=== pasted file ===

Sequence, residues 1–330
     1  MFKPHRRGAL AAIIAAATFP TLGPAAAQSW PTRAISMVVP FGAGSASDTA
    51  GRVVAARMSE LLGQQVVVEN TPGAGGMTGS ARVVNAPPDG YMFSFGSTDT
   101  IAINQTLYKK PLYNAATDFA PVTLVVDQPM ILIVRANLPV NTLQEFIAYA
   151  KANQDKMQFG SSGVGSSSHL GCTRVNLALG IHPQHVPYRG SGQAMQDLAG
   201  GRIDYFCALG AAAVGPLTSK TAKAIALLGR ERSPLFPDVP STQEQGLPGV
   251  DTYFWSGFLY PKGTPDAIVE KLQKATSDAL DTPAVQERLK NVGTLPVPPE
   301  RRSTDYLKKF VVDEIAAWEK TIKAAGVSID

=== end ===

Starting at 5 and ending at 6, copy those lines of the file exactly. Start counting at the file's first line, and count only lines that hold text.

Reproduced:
   151  KANQDKMQFG SSGVGSSSHL GCTRVNLALG IHPQHVPYRG SGQAMQDLAG
   201  GRIDYFCALG AAAVGPLTSK TAKAIALLGR ERSPLFPDVP STQEQGLPGV